@orlp I think you could give it a try. @rust-lang/libs WDYT?

(We'll also need the corresponding clippy lint rust-lang/rust-clippy#1565 to reduce the damage of inference breakage after stabilization.)

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@orlp orlp commented Oct 20, 2018

@kennytm Actually, IntoIterator needs member type IntoIter: Iterator, so we need existential types first, as you said :(

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@orlp orlp commented Oct 20, 2018

@kennytm I did come up with a way to do IntoIter<T> instead of IntoIter<[T; N]>: https://gist.github.com/orlp/2c0a704c3a30f6203fcaa33aca941f1c.

But I don't really think that helps as a temporary solution, because in the end we still want IntoIter<T, N>.

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@RReverser RReverser commented Oct 21, 2018

@orlp I changed your implementation slightly to avoid extra VarArray enum: https://gist.github.com/RReverser/bb9fd5250dba7e126f1df6dc6fb17662

Technically this is equivalent to your implementation, but avoids storing length twice both as an enum tag and as a separate field.

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@orlp orlp commented Oct 21, 2018

@RReverser I intentionally did not do that because it creates uninitialized memory, which is UB for T that have invalid bit patterns. Just creating uninitialized memory for those T is UB, even if you never access the uninitialized memory.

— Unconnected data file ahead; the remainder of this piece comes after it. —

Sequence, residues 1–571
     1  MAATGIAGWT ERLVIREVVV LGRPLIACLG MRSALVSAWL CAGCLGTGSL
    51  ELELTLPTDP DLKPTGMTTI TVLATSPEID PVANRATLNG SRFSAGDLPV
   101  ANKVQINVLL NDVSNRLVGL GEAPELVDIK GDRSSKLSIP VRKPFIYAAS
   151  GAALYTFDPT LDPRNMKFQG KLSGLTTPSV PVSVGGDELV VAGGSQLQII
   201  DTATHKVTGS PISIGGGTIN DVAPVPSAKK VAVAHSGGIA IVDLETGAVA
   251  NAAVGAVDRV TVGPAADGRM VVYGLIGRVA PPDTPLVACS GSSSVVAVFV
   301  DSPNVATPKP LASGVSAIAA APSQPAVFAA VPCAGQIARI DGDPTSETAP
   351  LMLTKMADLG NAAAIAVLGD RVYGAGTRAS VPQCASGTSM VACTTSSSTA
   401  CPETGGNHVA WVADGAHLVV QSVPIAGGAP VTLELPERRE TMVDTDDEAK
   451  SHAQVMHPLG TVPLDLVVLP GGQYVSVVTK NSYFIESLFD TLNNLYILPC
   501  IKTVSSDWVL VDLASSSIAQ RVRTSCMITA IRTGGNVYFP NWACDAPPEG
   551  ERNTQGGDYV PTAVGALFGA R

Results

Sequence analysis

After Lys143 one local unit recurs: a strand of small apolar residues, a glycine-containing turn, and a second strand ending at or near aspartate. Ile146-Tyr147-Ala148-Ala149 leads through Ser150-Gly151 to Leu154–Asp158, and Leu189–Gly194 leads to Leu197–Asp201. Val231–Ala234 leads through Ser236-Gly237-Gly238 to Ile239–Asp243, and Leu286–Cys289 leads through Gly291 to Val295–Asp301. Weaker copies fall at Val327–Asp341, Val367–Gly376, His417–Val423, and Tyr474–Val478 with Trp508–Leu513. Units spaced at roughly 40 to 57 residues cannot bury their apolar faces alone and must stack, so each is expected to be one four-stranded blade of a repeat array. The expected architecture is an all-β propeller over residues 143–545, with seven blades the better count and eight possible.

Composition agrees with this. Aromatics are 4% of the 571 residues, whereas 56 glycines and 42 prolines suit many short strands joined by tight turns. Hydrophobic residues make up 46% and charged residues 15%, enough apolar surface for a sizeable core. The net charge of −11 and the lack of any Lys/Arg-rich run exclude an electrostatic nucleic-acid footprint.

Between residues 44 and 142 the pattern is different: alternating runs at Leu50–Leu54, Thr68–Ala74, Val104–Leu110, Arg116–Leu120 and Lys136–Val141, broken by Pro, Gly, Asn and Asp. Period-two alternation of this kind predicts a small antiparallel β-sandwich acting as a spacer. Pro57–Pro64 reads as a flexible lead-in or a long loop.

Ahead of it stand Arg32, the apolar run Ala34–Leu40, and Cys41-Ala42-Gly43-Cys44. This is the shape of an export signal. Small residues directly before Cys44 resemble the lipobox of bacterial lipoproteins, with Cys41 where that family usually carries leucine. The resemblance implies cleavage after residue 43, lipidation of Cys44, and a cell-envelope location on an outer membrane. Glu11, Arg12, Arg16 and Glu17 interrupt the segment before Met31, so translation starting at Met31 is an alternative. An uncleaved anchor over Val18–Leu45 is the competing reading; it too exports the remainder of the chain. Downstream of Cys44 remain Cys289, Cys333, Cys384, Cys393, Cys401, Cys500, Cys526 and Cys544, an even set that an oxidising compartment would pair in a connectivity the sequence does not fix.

Here is a minimal example showing something that could happen: https://play.rust-lang.org/?version=stable&mode=debug&edition=2015&gist=23a761b2cda00df365dd11f128ee3409.

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@RReverser RReverser commented Oct 21, 2018

@orlp Hmm, these answers ("just creating uninitialized memory") don't seem to make much sense, but I haven't dug into ManuallyDrop changes they mention. Either way, you can replace uninitialized with zeroed which will avoid this issue.

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@orlp orlp commented Oct 21, 2018

@RReverser Did you check my minimal example? zeroed is just as bad.

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@RReverser RReverser commented Oct 21, 2018

@orlp That's a completely different issue and is related to layout optimisations, not zeroed or uninitialized behaviour.

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@orlp orlp commented Oct 21, 2018

@RReverser So you don't think it's undefined behavior that if I wrap your iterator type into an Option it could sometimes magically become None even when it's not?

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@RReverser RReverser commented Oct 21, 2018

No, these optimisations are not UB albeit not explicitly defined for flexibility (these are different things). Point is, they are intended to use free bit patterns for enum tags, which is exactly what happens in your example, and it's a safe assumption compiler makes there. But if you actually fill that buffer with your own valid values, they are still guaranteed to come back the way you put them.

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@orlp orlp commented Oct 21, 2018

@RReverser But you don't fill the buffer with valid values! The buffer remains partially uninitialized when len() < MAX_ARRAY_INTO_ITER_SIZE.